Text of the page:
Can a dark creature find a home in the light?
Robin appears to be a quiet, attractive young man, but the exterior hides his true vampire nature: ageless, unchanging, and bloodthirsty. His current obsession is Martin, the personable and generous owner of a coffee shop, The Warm Taste.
All Robin’s careful plans to remain unnoticed are ruined, however, when Martin asks him out on a date. Can Robin really have something so good and sweet as an ordinary relationship, after such a long existence of cold loneliness?
And if things fall apart, and Robin goes back to his old ways, will Martin survive it?
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I really enjoyed this story. I was a little surprised on how Martin reacted to the revelation Robin is a vampire. But it wound up being so typically Martin. These two are wonderful together and give each other exactly what they need at this point in their lives. They’re surrounded by characters that are fun and engaging but also create a family that pulls together when needed.
Robin made my heart hurt so much. His loneliness was a physical thing and he was enveloped by it wholly and completely. Watching him come out of his shell of solitude was a beautiful change throughout the story. He wound up being a far more dynamic character than I anticipated. I loved getting to see him happy at the end of the story.
Martin is a total sweetheart. He loves to help those around him but he tends to not realize he’s doing it. It’s an innate part of himself that just comes out. I adored seeing how he took care of Robin when he was at his lowest. Martin was so gentle with Robin, you could tell he loved deeply.
The ending is sweet and perfect for Martin and Robin. They’re as close to a happily ever after they could potentially get considering life spans and circumstances. I love how Robin connects with Polly at the end. You can tell both need that connection to heal a wound they didn’t realize they still carried.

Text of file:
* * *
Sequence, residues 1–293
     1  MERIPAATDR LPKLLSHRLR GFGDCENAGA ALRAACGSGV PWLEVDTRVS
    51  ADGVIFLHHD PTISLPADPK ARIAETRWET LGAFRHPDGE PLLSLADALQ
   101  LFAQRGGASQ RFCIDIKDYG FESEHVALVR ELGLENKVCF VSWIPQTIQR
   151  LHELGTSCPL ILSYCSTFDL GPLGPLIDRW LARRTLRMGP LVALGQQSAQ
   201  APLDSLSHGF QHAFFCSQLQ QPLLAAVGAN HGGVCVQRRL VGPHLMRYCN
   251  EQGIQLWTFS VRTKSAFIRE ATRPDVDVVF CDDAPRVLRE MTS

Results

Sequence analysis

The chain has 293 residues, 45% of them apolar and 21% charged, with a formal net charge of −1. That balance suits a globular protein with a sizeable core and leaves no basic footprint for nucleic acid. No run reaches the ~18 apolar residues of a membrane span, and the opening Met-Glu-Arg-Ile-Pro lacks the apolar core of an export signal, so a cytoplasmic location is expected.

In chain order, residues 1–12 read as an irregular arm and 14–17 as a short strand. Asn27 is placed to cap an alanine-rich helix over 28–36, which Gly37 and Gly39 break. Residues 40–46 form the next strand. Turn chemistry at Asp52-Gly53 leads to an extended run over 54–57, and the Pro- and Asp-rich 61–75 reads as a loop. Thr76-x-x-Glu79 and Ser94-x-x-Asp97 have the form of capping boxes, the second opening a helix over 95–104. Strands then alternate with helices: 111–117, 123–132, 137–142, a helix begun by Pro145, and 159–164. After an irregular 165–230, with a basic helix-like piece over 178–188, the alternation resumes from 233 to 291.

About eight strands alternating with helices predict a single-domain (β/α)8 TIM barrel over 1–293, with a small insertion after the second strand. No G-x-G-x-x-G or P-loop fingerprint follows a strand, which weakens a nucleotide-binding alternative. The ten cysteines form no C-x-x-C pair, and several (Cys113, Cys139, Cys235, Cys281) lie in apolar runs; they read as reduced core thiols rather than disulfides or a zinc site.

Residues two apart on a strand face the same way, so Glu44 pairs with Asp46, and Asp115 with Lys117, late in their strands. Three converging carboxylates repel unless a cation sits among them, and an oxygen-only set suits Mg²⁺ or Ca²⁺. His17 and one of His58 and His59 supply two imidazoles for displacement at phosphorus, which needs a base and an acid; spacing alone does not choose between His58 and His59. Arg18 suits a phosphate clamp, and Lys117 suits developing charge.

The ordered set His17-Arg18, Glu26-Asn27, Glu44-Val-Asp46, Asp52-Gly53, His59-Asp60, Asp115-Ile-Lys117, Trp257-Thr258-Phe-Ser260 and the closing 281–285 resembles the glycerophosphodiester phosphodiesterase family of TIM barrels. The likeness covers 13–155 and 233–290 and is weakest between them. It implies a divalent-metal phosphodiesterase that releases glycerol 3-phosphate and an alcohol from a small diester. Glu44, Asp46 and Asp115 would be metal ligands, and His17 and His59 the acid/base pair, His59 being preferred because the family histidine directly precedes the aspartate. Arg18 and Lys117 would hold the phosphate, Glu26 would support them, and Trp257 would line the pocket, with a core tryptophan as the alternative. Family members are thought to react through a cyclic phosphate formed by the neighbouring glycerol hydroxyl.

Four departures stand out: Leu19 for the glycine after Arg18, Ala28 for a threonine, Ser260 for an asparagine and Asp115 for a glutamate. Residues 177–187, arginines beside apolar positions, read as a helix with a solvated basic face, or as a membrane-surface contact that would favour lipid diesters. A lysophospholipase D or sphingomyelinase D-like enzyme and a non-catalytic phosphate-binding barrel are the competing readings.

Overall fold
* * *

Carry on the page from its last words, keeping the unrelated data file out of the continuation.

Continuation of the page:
I truly enjoyed Ms. Leijon’s voice in this story. The story telling pulled me in from the beginning and didn’t let me do until I was done with the story. I would love to read more by her in the future and can’t wait to see what she writes next.
It was well past evening. The windows of the coffee shop spilled warm golden light out onto the cold sidewalk. Robin’s breath didn’t steam on his exhales, and the temperature of the air didn’t bother him, but he wore a bulky coat and scarf for show.
He’d learned years ago that if he made sure that the people around him had no reason to notice him—if his dress was seasonal, his manner unremarkable—then he was forgotten almost before he was gone. It was possible to behave in a very inhuman fashion without drawing attention, provided he at least looked the part.
Most of the patrons inside the coffee shop at this hour were students from the local college, studying late. The campus was nearby, and it was still early enough in the semester for all the young scholars to look fairly bright-eyed and confident, not panicked and exhausted like they would when more weeks had passed.
The light inside was bright enough that Robin couldn’t see even a faint reflection of his own face in the glass of the door. If it had been darker inside than out, there would have been a mirror image, despite what superstitions about vampires usually said. Robin knew well enough what he looked like.